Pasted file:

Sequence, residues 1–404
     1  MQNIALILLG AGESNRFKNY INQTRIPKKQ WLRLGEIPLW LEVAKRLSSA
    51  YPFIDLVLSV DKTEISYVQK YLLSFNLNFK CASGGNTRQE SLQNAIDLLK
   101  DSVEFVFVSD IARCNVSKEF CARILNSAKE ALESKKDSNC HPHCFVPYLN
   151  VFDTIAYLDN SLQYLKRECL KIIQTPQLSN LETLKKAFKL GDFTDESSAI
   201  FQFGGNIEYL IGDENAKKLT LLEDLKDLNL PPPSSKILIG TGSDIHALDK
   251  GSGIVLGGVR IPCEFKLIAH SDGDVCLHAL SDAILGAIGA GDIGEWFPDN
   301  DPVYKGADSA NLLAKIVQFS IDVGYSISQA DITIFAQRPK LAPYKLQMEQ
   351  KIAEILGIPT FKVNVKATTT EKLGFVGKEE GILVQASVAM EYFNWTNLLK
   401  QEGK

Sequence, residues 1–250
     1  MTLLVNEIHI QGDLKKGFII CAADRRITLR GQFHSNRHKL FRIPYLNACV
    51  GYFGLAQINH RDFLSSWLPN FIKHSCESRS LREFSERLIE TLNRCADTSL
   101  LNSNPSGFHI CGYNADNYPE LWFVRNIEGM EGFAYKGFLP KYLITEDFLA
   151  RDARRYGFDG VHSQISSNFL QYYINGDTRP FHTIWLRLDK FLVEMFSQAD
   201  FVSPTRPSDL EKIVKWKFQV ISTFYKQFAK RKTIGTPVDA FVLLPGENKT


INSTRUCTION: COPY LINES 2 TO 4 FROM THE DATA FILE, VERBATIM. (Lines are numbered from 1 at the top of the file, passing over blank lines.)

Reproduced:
     1  MQNIALILLG AGESNRFKNY INQTRIPKKQ WLRLGEIPLW LEVAKRLSSA
    51  YPFIDLVLSV DKTEISYVQK YLLSFNLNFK CASGGNTRQE SLQNAIDLLK
   101  DSVEFVFVSD IARCNVSKEF CARILNSAKE ALESKKDSNC HPHCFVPYLN